Lorenzo admits the boy had been staying at his home for a few days. English media outlets only stated that Lorenzo had seen the teenager a day earlier. This is a powerful difference relationship-wise. Despite the contradictory subtitle, certainly Nelson Cabrera, 16, would have known about Lorenzo's multiple pit bulls -- unless he was blind and mute -- since he had been living at his modest home for several days. There is no mention of Cabrera's parents or family members.

Multi-Pit Bull Household, Breeding

There were three adult pit bulls and at least four pit bull puppies in Lorenzo's home at the time of the deadly attack. Lorenzo admitted to his neighbor, Elizabeth Cantu, who feared the dogs, that his pit bulls could be aggressive. Lorenzo's daughter, Christina Lorena, who took to social media after Cabrera's death and stated, "That's what yo ass gets," referring to his death, also admitted that "Bella" is mean. "Bella the one the officer shot yes, she is mean really mean," Lorena wrote.

Lorena also wants the two adult pit bulls being held in quarantine returned to her family. A person impersonating the Facebook profile of John Nezat left a comment on a recent post by Lorena stating: "Hello we are pitbull lovers and trying to reach your father to help him get his dogs back! We are so sorry for the loss of pregnant bella we would hate to see the loss of the other 2 babies please reply to our message on messager. We do have connections so please reatch out [sic]."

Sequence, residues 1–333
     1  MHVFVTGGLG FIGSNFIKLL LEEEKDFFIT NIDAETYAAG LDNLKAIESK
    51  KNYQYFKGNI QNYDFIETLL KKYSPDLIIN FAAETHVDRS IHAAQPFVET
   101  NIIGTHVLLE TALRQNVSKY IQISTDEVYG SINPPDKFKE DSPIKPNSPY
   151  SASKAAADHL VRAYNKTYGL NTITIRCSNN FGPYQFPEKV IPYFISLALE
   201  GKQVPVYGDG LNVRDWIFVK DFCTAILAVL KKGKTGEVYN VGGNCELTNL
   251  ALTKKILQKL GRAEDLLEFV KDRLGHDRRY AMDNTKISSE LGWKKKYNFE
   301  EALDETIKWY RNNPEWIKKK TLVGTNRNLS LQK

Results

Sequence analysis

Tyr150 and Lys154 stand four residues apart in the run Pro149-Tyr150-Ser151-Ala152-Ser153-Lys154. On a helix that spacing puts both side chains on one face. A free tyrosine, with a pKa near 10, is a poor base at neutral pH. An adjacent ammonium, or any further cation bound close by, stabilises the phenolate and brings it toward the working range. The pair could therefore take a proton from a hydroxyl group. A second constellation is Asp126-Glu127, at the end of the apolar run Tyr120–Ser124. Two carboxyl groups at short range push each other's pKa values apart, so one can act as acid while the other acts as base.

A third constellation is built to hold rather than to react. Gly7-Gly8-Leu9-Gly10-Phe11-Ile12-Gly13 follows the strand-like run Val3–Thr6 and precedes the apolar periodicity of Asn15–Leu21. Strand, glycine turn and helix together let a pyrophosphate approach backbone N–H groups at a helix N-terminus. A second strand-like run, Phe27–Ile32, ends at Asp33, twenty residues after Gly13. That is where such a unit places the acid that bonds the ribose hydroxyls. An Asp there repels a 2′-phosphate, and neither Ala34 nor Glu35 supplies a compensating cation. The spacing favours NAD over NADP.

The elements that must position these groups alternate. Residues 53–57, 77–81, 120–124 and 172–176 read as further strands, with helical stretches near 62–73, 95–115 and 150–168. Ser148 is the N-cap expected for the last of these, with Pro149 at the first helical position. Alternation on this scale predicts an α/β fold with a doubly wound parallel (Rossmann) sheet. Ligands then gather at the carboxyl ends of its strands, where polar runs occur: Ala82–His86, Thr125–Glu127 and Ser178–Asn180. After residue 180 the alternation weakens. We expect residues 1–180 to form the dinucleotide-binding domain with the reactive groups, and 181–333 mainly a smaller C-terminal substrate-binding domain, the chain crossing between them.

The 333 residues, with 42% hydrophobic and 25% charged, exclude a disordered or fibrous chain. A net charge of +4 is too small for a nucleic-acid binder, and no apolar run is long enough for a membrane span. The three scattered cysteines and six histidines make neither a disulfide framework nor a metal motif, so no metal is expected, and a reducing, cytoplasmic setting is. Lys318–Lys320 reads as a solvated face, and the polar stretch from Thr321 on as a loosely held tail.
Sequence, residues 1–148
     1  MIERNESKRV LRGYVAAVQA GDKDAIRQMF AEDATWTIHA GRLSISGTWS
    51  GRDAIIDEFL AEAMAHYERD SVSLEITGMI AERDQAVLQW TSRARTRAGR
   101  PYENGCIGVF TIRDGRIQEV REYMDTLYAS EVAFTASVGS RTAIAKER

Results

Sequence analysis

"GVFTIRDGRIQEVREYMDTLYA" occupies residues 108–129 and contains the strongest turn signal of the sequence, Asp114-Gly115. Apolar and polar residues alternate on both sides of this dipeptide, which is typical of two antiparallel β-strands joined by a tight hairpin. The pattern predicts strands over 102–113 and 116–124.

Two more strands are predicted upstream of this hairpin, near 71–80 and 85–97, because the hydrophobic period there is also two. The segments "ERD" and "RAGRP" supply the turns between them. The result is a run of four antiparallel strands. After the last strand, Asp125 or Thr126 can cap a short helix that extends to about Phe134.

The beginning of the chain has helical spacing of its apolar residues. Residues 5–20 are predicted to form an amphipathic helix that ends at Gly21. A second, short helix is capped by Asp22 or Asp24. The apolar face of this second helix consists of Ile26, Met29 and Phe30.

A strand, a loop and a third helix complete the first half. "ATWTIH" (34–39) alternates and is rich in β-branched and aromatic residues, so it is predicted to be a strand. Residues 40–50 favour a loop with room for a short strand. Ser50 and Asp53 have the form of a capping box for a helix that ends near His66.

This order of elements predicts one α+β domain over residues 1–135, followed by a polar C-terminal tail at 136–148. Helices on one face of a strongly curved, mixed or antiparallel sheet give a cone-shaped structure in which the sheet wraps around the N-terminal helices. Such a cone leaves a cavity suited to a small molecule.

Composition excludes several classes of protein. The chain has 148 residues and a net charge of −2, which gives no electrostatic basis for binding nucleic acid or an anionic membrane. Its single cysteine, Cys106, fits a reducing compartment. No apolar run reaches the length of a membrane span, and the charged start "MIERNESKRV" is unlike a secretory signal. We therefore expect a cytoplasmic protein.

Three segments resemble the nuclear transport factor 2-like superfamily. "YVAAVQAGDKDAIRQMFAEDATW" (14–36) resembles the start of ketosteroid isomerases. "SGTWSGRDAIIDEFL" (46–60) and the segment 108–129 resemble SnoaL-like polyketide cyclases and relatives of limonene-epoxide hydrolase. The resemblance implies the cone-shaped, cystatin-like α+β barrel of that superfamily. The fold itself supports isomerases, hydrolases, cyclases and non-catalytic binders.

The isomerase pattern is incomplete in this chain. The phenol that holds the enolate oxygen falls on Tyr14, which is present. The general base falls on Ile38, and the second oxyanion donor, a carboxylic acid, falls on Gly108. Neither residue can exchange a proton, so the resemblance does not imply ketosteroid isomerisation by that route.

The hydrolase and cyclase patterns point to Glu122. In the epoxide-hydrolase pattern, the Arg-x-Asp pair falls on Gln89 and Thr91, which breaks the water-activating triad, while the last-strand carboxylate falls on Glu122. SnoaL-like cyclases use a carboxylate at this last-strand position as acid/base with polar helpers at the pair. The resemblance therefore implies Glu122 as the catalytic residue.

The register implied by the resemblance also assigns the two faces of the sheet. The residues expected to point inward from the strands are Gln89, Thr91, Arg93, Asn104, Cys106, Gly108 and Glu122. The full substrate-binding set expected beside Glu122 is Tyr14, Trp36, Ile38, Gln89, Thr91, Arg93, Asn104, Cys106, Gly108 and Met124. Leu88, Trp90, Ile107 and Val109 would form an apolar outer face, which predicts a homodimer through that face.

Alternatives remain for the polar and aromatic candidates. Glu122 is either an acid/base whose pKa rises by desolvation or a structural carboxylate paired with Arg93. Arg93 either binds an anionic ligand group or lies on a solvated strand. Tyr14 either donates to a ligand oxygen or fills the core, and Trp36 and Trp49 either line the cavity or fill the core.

Killed Before His 17th Birthday

The Daily Mail published photos of a younger Cabrera from a montage created by Rosy Cabrera, who is believed to be his grandmother. "The happiest days of my life with my beautiful child, thank God for giving me these beautiful moments," Rosy wrote. One mourner posted a photo of a Cabrera cutting a cake and stated: "Today would have been your 16th birthday. I'm still in shock you were taken yesterday." He was killed one day before his 17th birthday, reports CBS DFW.

It's hard to believe Cabrera "never met the dogs that lived there," as the Google translation states. On the day of the deadly mauling, Lorenzo was featured in multiple English speaking news videos, making the claim he only met the boy a day earlier. The Univision piece is in direct contrast to the "unknown intruder scenario" that was syndicated by English media from coast-to-coast after his horrific death. Unless his family speaks out, we may learn nothing else about his background.

pit bulls kill teen in Irving Texas

Nelson Cabrera, seen younger, was killed by three pit bulls one day before his 17th birthday.

08/11/19: Texas Teen Dies by Dog Mauling